Tuesday, February 2, 2010

Our financial journey...

One of my favorite bloggers, Melissa at A Familiar Path, has started writing the story of her family's finances. This is fascinating to me... the idea that your finances can be a story and not a list. So I've decided to run with that idea and start our story too. Maybe some day when my girls read this blog they'll have some insight to our family's financial history and be able to use that information to make wise choices. Hopefully.


When husband and I met in college, we had each already established ourselves in some ways with our finances (in other words, we were both already locked into student loans). Since my parents split up when I was a senior in high school neither of them had the financial stability to provide much in the world of tuition assistance. Being a 'first generation' college graduate (my dad has an associate's degree, but did not come by it as a traditional out of high school live away in a dorm student) there wasn't a lot of knowledge or support on how the whole system worked either. The way that I made my choice of which college to go to was that I picked the one that was giving me the most scholarships. With my ACT score and half way decent GPA I had secured a half tuition scholarship and additionally my dad's membership in a men's fraternal organization through church got me an additional $500 per semester. I showed up for freshman orientation and was informed that as a first year student I didn't qualify for enough loans to pay my entire tuition and room & board, so I called my dad crying telling him that classes were supposed to start the next day and I couldn't go b/c I didn't have any way to secure the rest of a loan for my bill. He took the afternoon off of work and signed a parent's loan in his name, immediately paying it off by borrowing against his 401K. I was so grateful, but at the same time clueless as to how to manage any finances from there. I had been working as a cashier at a lumber company in my home town and retained that position, coming home to work on the weekends. I had a $6200 loan from my bank for my car and made just enough to pay that payment each month along with gas and a few groceries in my dorm fridge. My dad gave me a $100/month allowance which paid for my car insurance. That was basically my story for the next 4 years. After my parents divorce was settled (not reflected until the next year's taxes), I could claim just one parent's income on my FAFSA which helped me obtain a government grant to take the place of my freshman year daddy bailout. I worked hard at school, won a few other scholarships, but basically continued on this way for the next 4 years. My last car payment was made by my little sister as a gift for college graduation. I graduated college with about $500 worth of graduation money, an engagement ring on my finger, an offer to live at home with my dad until I got married, $10K in student loans, and a stack of resumes to start looking for a position using my new Theology degree. I was set!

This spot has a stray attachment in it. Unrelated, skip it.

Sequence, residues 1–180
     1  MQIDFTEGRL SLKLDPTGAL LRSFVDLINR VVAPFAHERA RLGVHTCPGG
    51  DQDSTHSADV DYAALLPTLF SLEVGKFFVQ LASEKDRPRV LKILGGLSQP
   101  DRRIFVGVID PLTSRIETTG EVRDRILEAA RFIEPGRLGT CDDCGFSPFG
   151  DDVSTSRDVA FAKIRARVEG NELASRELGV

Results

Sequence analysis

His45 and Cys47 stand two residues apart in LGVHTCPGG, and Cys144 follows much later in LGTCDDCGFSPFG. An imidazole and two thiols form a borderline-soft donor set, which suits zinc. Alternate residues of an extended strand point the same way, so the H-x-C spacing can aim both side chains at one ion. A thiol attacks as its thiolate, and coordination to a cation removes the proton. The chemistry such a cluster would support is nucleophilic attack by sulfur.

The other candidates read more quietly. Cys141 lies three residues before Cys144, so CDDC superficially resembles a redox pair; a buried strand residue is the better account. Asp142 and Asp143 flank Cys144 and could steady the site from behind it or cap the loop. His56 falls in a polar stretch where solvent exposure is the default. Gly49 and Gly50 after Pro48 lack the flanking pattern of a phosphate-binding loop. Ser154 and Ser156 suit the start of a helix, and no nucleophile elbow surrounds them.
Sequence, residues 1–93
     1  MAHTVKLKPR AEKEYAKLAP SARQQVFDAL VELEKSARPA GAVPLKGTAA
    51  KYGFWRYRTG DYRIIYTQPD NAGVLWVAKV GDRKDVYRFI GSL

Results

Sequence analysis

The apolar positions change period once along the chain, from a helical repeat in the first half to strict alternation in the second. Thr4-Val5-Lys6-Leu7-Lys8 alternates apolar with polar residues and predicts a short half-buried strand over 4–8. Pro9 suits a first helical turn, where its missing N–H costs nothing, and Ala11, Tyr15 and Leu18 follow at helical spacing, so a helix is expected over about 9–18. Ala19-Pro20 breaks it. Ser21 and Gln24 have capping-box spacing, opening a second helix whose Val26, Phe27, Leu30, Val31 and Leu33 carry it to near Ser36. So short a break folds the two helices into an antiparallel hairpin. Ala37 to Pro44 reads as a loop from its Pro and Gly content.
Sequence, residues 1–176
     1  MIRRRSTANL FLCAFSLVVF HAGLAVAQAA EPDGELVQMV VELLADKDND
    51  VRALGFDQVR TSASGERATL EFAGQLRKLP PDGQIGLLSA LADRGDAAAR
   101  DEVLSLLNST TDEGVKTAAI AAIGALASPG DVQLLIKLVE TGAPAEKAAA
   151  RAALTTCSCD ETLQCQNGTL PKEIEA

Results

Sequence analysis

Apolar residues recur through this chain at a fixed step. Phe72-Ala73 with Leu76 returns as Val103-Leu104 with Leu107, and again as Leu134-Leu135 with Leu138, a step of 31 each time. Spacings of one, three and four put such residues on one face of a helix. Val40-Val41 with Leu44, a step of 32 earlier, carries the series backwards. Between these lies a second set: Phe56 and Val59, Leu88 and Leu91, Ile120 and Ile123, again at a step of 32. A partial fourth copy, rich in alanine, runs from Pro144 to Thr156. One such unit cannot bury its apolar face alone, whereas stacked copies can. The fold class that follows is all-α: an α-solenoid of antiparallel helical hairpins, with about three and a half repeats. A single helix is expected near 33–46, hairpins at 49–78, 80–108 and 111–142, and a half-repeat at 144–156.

Husband didn't have much financial support coming from his mom going into college. She had just purchased her first house and was trying to get out on her own for the first time. He had several scholarships like I did, and very supportive grandparents who bought him a car and opened a small joint credit card that he used when he needed new clothes or school books. He received grant money coming from a single parent household but for the most part he lived modestly and saved as much as he could from working during the summers. When he graduated, a year before me, he had already been offered 3 full time positions, took the one that was closest to visiting me, and additionally secured an extra full time temporary position for the summer at a camp. His master plan at the time was to save all of his income from one of those positions and use it to buy me an engagement ring. He lived on his own for a year while I finished school and while he occasionally allowed himself a few luxuries (like the supreme cable package with 800 channels), he lived very modestly through that year. Part of the way through he was able to move out of a 1 bedroom apartment and started renting a 3 bedroom house from the parish where he worked, paying the same in rent he had paid for the apartment.

In August I secured a part time youth ministry position in the neighboring town to his. In September we were married. We had over $20,000 in student loans, a run down country house, and I had big dreams...

1 comment:

  1. wow! thank goodness i didn't have huge student loan debt. what a way to start.